Contemporary disasters – racism, environmental destruction, labor exploitation, platforms that colonize our social networks, and so on – have one feature in common: they are all examples of value that is extracted; that is, alienated from its generative source. Computational technologies can be designed to act as prosthetics for this wounded body politic: restoring the ability to generate and circulate value rather than extract it. Supported by an NSF “Future of Work” grant, we report on some initial experiments in developing methods, techniques and strategies in the design of these technologies for generative justice.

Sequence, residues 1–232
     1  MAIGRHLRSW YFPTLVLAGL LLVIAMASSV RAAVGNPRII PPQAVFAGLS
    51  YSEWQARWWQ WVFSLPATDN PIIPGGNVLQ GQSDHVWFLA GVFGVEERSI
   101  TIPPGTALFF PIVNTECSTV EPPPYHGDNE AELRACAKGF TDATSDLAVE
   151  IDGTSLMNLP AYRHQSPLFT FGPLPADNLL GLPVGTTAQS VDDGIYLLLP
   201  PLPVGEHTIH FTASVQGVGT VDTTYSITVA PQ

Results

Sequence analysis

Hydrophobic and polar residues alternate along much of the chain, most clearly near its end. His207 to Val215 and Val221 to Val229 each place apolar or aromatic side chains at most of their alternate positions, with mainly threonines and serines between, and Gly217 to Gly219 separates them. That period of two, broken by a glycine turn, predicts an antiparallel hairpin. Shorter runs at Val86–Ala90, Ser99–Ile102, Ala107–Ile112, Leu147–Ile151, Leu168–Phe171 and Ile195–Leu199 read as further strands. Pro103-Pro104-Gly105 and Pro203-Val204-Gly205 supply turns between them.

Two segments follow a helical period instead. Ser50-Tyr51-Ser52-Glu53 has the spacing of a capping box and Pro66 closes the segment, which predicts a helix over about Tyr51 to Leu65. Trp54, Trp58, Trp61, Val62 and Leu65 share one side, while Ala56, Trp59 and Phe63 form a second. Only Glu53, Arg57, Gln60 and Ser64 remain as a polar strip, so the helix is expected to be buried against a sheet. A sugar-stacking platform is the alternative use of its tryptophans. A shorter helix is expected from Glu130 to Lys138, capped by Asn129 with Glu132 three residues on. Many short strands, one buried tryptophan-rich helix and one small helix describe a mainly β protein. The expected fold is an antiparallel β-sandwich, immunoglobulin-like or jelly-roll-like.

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Dr. Ron Eglash is a Professor in the School of Information at University of Michigan. He received his B.S. in Cybernetics, his M.S. in Systems Engineering, and his PhD in History of Consciousness, all from the University of California. His work as Fulbright scholar was published as African Fractals: modern computing and indigenous design. Other work, funded by NSF, HUD, and Department of Education, include the Culturally Situated Design Tools software suite; new practices in African architecture, and development for urban sustainability.